The morality of obtaining blanket consent for invasive procedures in the intensive care unit

Ramkillawan, Arisha
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The Intensive Care Unit (ICU) in hospitals is an unfamiliar environment for patients and their families. By virtue of their illness, ICU patients require multiple invasive procedures for diagnostic and therapeutic purposes. These procedures are not without minimal risk – hence informed consent is important. Current practices in obtaining informed consent occur in a variable, inconsistent manner. This normative report explores the morality of obtaining blanket consent for invasive procedures in the ICU upon, or just prior to, admission to the ICU to assist with some of the challenges. Using deontology and the ethics of care as argumentative strategies, I argue in favour of the moral permissibility of obtaining blanket consent for invasive procedures in the ICU. To achieve this, a library and web-based search of the current literature pertaining to obtaining informed consent in the critically ill was done as well as the ethical literature supporting informed consent. Written from a South African perspective, my argument rests on using respect for individual autonomy, as well as care ethics’ view of relational autonomy, to show that blanket consent obtained from the patient or their designated proxy for invasive procedures in the ICU can be morally permissible. I also argued in favour of a soft paternalistic role of the clinician, who needs to be trustworthy to safeguard and protect the patient from potential exploitation or unnecessary harm. In this way, I show how these two dichotomously opposed concepts, autonomy and paternalism, can co-exist and assist in justifying a blanket consent policy for critically ill individuals in an ICU. Lastly, following the acknowledgment of the report’s limitations, I suggest areas of future research and potential reform to enable the utility of blanket consent in clinical practice for critically ill patients.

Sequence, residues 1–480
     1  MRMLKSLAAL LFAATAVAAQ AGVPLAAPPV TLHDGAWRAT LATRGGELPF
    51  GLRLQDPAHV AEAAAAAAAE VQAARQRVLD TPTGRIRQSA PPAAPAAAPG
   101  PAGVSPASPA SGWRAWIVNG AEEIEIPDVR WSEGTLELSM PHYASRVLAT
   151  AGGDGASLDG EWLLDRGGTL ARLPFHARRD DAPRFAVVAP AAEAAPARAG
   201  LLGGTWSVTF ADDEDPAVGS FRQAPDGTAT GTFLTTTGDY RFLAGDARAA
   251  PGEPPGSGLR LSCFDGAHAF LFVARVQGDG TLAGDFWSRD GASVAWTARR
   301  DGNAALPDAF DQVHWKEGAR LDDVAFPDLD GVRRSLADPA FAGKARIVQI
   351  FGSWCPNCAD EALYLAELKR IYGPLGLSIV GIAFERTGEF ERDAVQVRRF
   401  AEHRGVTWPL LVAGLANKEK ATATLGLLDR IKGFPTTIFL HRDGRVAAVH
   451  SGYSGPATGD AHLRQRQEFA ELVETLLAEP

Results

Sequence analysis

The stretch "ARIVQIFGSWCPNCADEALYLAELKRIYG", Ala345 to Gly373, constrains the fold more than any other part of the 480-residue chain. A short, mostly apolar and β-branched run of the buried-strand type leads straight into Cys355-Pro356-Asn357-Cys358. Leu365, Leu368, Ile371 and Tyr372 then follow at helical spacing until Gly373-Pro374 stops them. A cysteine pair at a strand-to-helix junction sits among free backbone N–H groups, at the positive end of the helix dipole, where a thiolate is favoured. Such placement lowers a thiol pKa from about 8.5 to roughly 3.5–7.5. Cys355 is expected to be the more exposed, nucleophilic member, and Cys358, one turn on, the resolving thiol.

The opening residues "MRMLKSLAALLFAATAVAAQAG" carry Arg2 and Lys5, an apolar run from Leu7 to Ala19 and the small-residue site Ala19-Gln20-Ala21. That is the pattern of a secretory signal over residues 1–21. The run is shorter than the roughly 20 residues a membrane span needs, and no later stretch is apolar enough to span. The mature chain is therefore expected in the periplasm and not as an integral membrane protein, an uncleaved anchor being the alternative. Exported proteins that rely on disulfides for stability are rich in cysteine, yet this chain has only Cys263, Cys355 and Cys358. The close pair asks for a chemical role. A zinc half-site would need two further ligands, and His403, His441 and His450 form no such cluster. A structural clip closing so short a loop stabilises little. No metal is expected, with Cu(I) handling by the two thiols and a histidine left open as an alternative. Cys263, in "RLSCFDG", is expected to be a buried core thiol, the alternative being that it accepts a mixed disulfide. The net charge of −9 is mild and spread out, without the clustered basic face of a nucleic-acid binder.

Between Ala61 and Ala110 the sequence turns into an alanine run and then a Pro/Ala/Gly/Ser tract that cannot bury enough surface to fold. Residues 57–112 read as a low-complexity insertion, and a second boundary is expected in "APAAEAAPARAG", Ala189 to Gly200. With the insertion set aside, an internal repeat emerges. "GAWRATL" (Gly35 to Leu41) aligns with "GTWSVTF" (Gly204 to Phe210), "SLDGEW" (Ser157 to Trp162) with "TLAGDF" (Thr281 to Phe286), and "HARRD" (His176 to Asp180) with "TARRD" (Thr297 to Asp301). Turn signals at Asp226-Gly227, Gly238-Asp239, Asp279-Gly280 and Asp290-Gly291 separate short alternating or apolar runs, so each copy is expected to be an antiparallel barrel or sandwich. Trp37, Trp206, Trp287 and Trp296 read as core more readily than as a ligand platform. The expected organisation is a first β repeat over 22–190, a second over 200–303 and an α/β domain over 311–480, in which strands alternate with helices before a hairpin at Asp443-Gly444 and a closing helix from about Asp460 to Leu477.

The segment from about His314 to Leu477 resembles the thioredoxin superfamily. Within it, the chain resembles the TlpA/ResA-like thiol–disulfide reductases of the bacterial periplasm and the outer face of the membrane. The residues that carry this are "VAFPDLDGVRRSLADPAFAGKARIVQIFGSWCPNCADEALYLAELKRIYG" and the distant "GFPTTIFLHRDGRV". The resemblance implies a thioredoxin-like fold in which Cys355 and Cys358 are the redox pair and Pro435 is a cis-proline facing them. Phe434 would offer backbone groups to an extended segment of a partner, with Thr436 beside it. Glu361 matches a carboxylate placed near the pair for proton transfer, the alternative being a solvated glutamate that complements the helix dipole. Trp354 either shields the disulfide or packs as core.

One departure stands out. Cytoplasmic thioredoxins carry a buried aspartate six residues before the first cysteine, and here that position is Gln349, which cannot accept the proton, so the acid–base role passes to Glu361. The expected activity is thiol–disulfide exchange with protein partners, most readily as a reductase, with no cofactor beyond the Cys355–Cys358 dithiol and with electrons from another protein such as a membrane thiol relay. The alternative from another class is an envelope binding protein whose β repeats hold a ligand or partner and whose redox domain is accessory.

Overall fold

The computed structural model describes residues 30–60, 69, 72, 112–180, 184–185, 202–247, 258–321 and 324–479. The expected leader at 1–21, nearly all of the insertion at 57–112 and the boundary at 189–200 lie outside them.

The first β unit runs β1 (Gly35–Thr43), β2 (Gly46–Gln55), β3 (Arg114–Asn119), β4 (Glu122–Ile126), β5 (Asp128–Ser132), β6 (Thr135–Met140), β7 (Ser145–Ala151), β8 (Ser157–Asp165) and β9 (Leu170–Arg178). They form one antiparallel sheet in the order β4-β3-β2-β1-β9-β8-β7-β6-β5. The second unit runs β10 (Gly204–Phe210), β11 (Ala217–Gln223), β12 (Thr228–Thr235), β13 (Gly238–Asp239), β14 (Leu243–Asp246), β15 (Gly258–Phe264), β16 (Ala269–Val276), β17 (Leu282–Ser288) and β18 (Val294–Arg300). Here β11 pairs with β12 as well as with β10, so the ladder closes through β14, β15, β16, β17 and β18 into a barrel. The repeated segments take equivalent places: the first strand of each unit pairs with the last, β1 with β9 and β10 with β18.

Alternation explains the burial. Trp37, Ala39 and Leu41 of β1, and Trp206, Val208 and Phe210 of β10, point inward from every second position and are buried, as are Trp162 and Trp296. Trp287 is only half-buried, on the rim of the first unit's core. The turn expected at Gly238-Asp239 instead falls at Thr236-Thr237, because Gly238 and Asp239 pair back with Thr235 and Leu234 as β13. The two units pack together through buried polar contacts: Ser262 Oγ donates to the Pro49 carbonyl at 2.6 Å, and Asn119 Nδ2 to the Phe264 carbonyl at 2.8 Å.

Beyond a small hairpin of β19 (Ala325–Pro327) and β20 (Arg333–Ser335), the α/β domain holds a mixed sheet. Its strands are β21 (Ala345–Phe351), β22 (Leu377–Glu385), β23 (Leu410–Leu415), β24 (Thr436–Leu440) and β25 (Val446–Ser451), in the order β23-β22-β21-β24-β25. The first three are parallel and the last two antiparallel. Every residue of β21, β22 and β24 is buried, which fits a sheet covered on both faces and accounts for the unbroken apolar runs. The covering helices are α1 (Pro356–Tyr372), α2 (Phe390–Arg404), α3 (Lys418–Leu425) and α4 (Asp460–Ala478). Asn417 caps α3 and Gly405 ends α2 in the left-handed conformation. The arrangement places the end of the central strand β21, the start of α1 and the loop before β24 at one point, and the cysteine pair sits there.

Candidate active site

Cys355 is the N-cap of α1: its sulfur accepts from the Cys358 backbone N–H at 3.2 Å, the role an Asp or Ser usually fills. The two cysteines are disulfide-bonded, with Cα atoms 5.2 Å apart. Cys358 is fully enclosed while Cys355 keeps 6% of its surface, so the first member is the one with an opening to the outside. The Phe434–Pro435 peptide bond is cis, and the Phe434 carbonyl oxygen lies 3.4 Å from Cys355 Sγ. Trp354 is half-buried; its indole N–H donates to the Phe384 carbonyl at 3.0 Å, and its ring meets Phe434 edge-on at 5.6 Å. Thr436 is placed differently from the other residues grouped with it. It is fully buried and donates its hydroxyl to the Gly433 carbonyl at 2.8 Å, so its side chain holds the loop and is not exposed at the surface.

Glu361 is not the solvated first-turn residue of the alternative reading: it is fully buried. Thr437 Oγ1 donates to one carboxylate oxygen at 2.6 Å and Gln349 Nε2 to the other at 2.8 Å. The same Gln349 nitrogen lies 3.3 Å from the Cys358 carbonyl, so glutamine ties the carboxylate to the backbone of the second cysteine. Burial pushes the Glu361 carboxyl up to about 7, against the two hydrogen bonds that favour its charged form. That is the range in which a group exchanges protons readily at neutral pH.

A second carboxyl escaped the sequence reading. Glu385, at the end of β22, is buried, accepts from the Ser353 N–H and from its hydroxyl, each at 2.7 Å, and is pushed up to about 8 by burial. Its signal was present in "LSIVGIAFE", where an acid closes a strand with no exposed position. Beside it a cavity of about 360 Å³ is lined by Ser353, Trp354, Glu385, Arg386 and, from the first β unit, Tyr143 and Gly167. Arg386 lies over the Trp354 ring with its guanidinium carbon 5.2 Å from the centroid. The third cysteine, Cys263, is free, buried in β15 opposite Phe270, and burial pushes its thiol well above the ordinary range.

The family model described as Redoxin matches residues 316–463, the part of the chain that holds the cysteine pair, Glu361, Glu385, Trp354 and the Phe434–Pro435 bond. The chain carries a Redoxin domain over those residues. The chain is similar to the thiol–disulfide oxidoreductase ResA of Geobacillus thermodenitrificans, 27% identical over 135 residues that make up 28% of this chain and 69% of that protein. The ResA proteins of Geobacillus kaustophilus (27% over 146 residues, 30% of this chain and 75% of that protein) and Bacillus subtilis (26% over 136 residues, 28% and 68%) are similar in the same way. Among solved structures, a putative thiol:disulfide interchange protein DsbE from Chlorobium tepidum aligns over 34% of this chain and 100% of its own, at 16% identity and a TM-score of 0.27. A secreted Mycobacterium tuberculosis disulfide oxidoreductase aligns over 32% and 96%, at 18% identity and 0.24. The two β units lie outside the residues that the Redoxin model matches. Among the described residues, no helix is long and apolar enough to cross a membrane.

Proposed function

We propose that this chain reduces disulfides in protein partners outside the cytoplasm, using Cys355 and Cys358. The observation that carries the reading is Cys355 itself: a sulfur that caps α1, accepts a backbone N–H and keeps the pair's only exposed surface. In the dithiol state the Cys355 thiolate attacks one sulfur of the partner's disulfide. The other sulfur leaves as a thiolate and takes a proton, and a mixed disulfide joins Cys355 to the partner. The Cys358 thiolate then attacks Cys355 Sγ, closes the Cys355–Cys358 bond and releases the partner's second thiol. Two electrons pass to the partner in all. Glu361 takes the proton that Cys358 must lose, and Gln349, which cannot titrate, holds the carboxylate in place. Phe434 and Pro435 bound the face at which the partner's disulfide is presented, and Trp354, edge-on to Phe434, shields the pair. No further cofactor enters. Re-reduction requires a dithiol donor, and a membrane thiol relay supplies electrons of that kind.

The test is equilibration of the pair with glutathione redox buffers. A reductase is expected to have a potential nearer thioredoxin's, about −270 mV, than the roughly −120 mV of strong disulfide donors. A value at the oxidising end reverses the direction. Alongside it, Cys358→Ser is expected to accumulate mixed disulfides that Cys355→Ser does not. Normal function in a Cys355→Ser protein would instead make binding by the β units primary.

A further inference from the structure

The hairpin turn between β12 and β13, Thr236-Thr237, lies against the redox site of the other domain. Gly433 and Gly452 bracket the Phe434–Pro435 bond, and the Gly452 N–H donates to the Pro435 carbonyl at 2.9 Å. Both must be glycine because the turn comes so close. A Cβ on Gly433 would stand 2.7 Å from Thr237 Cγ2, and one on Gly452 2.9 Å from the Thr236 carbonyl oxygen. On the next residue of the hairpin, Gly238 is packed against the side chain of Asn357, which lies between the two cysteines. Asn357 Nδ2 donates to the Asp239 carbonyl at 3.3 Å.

A research report submitted in fulfilment of the requirements for the degree of Master of Science in Medicine (Bioethics and Health Law) to the Faculty of Health Sciences, School of Clinical Medicine, University of the Witwatersrand, Johannesburg, 2022